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One final look at Cuneo Hospital before its demolition

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The modernist complex designed by Edo Belli will be cleared to make room for a new mixed-use development

After a long and heartfelt fight to preserve the old Cuneo Memorial Hospital complex in Uptown, preservationists and photographers are stopping by the modernist structures designed by Edo Belli for one last look before demolition work begins. The former hospital, which has been often listed on Preservation Chicago’s annual Chicago 7 list of most endangered buildings, will soon make way for a new HPA-designed complex that will deliver 381 apartments, a 31,000-square-foot grocery store, 278 indoor parking spaces, and a renovation of the Clarendon Park field house. The demo permits issued last week are specifically for the buildings at 750 and 810 W. Montrose Avenue.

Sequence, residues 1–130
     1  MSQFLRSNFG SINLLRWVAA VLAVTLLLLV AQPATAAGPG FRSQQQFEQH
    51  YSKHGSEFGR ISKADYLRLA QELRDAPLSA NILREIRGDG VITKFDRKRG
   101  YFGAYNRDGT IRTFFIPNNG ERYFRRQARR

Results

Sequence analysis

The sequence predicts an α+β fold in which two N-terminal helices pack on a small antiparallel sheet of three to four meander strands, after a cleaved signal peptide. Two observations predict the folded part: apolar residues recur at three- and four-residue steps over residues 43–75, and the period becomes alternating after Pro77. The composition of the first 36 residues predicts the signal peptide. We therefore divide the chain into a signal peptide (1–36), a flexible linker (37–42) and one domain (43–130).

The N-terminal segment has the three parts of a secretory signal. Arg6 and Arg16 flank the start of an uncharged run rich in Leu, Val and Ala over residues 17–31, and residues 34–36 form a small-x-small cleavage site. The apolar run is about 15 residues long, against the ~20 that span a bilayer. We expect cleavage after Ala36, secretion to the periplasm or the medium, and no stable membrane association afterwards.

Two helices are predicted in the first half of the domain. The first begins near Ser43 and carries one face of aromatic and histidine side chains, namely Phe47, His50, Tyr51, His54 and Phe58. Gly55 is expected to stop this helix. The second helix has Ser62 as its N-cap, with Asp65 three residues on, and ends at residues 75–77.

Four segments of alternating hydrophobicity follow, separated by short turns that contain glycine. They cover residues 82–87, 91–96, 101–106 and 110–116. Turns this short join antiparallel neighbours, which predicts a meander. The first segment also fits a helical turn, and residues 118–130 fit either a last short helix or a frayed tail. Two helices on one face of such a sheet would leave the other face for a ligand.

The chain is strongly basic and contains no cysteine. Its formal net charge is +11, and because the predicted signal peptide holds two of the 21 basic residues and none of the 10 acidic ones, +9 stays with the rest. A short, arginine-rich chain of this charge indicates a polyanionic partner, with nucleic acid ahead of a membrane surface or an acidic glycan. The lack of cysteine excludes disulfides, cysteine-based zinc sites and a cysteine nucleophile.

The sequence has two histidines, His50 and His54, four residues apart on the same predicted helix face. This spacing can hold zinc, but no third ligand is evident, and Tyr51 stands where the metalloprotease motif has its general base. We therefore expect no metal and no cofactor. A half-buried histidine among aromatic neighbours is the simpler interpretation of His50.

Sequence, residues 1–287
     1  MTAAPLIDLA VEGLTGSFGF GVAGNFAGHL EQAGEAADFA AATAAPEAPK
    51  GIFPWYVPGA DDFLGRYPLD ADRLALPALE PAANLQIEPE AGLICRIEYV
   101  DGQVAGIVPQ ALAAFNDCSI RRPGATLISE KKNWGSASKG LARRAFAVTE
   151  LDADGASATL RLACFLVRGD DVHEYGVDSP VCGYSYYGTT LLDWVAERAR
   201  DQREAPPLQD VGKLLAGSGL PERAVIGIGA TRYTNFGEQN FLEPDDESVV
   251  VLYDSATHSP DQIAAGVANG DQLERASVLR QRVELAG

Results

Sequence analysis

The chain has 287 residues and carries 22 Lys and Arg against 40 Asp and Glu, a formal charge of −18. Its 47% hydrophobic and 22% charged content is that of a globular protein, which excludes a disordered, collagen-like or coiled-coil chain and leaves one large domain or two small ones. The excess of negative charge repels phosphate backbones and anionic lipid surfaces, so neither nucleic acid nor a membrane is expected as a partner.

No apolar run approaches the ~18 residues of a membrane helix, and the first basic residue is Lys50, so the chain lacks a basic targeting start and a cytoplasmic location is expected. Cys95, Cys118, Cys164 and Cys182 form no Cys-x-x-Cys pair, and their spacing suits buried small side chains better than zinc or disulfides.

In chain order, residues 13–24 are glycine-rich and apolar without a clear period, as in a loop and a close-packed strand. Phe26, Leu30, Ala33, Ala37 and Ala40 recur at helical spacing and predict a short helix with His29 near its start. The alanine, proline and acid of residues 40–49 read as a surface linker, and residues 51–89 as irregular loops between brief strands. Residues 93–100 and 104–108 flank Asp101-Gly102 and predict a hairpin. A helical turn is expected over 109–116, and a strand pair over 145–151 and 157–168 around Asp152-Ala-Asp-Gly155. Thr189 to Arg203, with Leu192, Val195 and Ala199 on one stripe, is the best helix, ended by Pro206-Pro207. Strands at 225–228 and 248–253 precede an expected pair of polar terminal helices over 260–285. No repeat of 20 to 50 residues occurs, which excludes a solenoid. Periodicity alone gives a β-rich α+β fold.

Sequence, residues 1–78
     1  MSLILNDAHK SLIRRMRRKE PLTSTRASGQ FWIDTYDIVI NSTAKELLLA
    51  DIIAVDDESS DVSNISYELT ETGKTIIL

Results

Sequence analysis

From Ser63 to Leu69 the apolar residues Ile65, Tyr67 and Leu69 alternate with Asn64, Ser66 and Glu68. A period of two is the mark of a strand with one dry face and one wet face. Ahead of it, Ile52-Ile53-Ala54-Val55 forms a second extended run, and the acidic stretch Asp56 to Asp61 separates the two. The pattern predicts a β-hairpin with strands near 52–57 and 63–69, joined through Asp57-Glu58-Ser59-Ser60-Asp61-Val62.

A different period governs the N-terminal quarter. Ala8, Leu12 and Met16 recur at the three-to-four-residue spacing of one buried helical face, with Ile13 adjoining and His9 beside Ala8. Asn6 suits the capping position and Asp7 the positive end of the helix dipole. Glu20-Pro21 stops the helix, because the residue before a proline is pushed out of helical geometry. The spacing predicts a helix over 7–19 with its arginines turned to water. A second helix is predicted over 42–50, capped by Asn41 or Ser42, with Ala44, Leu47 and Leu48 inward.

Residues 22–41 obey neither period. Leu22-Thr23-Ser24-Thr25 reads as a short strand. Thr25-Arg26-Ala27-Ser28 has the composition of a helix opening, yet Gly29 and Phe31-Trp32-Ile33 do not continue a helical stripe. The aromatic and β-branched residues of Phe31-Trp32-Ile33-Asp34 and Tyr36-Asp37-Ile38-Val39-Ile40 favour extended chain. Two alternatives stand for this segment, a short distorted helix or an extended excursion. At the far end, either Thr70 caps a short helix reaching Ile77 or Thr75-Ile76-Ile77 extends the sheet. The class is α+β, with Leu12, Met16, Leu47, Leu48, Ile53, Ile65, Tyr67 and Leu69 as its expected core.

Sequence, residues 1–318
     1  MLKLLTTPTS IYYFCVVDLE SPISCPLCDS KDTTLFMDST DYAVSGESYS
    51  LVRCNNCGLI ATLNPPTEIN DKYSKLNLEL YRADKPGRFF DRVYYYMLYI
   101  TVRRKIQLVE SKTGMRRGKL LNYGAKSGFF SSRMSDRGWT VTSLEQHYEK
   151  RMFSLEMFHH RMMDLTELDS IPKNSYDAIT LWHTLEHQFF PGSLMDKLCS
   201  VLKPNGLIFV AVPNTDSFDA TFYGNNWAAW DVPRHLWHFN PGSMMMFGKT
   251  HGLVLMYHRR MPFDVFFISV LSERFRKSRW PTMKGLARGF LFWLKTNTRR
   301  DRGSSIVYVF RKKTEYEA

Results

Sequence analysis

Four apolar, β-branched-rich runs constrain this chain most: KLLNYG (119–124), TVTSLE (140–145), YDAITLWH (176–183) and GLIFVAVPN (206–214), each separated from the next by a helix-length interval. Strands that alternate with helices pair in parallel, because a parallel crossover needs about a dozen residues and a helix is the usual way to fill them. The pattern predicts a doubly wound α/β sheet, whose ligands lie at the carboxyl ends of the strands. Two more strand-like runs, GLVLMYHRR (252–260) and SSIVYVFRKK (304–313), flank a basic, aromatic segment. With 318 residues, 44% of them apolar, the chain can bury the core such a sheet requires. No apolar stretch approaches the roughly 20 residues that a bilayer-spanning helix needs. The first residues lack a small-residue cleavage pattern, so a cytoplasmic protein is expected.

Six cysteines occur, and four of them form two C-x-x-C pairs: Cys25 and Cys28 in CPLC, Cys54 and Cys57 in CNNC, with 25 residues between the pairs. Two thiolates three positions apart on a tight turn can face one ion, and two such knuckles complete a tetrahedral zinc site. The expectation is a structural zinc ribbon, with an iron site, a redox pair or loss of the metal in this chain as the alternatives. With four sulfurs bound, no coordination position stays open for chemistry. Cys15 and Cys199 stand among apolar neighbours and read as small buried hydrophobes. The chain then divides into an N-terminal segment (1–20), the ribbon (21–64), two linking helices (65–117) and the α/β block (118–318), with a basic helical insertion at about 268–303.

While the existing complex is in a vacant and deteriorating condition, the main hospital building (later would become Maryville Academy) is a fine example of midcentury modernist design. Built in 1957, the complex offered a new look and feel for a healthcare facility similar to the way that Bertrand Goldberg’s Prentice Women’s Hospital also helped push institutional design forward. It makes sense as both Goldberg and Cuneo’s architect Edo Belli studied under Mies van der Rohe. The hospital was operated by the Missionary Sisters of the Sacred Heart until 1988, after which the building became the Maryville Academy Children’s Shelter. The building has been empty since 2005.

Photographer and blogger Gabriel X. Michael sent over a few images he took this week of the main hospital building before it too is eventually demolished to clear the way for a newer mixed-use retail and residential complex for the neighborhood.